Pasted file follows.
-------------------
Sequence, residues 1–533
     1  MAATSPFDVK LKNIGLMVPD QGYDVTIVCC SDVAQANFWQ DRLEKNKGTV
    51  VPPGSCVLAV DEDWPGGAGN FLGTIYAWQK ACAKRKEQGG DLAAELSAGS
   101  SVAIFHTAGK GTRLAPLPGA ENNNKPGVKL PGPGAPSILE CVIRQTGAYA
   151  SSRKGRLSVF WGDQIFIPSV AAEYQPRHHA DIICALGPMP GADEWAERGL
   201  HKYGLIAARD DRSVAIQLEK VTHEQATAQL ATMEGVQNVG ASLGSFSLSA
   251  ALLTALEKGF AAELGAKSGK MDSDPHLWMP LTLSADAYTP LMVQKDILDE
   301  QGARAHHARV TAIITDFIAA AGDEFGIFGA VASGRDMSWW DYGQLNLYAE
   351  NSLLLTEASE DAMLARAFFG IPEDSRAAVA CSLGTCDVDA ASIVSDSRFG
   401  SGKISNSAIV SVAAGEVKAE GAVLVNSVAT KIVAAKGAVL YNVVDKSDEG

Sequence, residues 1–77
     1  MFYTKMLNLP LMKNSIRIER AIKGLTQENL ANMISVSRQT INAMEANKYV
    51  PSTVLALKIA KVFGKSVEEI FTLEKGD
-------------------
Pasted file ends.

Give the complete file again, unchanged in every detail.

Sequence, residues 1–533
     1  MAATSPFDVK LKNIGLMVPD QGYDVTIVCC SDVAQANFWQ DRLEKNKGTV
    51  VPPGSCVLAV DEDWPGGAGN FLGTIYAWQK ACAKRKEQGG DLAAELSAGS
   101  SVAIFHTAGK GTRLAPLPGA ENNNKPGVKL PGPGAPSILE CVIRQTGAYA
   151  SSRKGRLSVF WGDQIFIPSV AAEYQPRHHA DIICALGPMP GADEWAERGL
   201  HKYGLIAARD DRSVAIQLEK VTHEQATAQL ATMEGVQNVG ASLGSFSLSA
   251  ALLTALEKGF AAELGAKSGK MDSDPHLWMP LTLSADAYTP LMVQKDILDE
   301  QGARAHHARV TAIITDFIAA AGDEFGIFGA VASGRDMSWW DYGQLNLYAE
   351  NSLLLTEASE DAMLARAFFG IPEDSRAAVA CSLGTCDVDA ASIVSDSRFG
   401  SGKISNSAIV SVAAGEVKAE GAVLVNSVAT KIVAAKGAVL YNVVDKSDEG

Sequence, residues 1–77
     1  MFYTKMLNLP LMKNSIRIER AIKGLTQENL ANMISVSRQT INAMEANKYV
    51  PSTVLALKIA KVFGKSVEEI FTLEKGD